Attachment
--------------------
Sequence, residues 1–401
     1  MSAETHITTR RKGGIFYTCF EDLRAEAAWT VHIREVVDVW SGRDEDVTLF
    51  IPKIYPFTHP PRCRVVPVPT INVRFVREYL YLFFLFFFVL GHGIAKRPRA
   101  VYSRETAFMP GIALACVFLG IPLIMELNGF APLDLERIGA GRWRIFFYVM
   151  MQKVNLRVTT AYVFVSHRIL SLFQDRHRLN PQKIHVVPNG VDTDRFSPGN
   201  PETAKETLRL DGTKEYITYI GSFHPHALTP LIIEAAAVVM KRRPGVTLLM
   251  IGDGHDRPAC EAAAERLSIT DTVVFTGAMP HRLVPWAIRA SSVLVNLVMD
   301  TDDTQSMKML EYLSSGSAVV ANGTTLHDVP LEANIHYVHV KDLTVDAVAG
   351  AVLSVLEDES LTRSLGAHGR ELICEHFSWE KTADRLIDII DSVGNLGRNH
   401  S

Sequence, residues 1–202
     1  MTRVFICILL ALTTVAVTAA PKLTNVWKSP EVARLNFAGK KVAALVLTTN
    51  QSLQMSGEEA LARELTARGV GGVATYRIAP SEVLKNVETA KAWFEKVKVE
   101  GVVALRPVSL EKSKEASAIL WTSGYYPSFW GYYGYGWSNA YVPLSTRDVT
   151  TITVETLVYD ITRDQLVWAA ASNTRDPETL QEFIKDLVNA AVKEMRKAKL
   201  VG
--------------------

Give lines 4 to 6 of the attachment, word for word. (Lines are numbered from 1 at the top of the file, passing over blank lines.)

   101  VYSRETAFMP GIALACVFLG IPLIMELNGF APLDLERIGA GRWRIFFYVM
   151  MQKVNLRVTT AYVFVSHRIL SLFQDRHRLN PQKIHVVPNG VDTDRFSPGN
   201  PETAKETLRL DGTKEYITYI GSFHPHALTP LIIEAAAVVM KRRPGVTLLM